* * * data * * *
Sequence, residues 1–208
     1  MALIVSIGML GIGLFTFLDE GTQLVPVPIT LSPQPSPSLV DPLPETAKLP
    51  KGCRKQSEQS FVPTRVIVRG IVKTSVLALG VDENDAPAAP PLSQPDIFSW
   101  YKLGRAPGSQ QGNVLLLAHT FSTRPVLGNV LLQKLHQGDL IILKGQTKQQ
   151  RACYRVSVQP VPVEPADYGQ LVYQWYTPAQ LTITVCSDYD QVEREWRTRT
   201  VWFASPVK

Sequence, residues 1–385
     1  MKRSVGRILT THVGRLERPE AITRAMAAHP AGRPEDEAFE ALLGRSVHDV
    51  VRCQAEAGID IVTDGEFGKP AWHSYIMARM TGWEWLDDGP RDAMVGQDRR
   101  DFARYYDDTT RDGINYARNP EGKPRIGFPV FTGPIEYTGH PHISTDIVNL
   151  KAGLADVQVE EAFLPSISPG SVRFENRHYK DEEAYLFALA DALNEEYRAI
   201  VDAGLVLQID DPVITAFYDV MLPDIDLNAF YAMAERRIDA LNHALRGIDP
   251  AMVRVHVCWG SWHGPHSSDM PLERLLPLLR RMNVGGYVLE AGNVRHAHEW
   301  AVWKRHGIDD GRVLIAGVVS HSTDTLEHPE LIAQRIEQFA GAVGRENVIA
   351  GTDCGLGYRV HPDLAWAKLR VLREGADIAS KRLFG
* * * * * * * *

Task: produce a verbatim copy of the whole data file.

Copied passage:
Sequence, residues 1–208
     1  MALIVSIGML GIGLFTFLDE GTQLVPVPIT LSPQPSPSLV DPLPETAKLP
    51  KGCRKQSEQS FVPTRVIVRG IVKTSVLALG VDENDAPAAP PLSQPDIFSW
   101  YKLGRAPGSQ QGNVLLLAHT FSTRPVLGNV LLQKLHQGDL IILKGQTKQQ
   151  RACYRVSVQP VPVEPADYGQ LVYQWYTPAQ LTITVCSDYD QVEREWRTRT
   201  VWFASPVK

Sequence, residues 1–385
     1  MKRSVGRILT THVGRLERPE AITRAMAAHP AGRPEDEAFE ALLGRSVHDV
    51  VRCQAEAGID IVTDGEFGKP AWHSYIMARM TGWEWLDDGP RDAMVGQDRR
   101  DFARYYDDTT RDGINYARNP EGKPRIGFPV FTGPIEYTGH PHISTDIVNL
   151  KAGLADVQVE EAFLPSISPG SVRFENRHYK DEEAYLFALA DALNEEYRAI
   201  VDAGLVLQID DPVITAFYDV MLPDIDLNAF YAMAERRIDA LNHALRGIDP
   251  AMVRVHVCWG SWHGPHSSDM PLERLLPLLR RMNVGGYVLE AGNVRHAHEW
   301  AVWKRHGIDD GRVLIAGVVS HSTDTLEHPE LIAQRIEQFA GAVGRENVIA
   351  GTDCGLGYRV HPDLAWAKLR VLREGADIAS KRLFG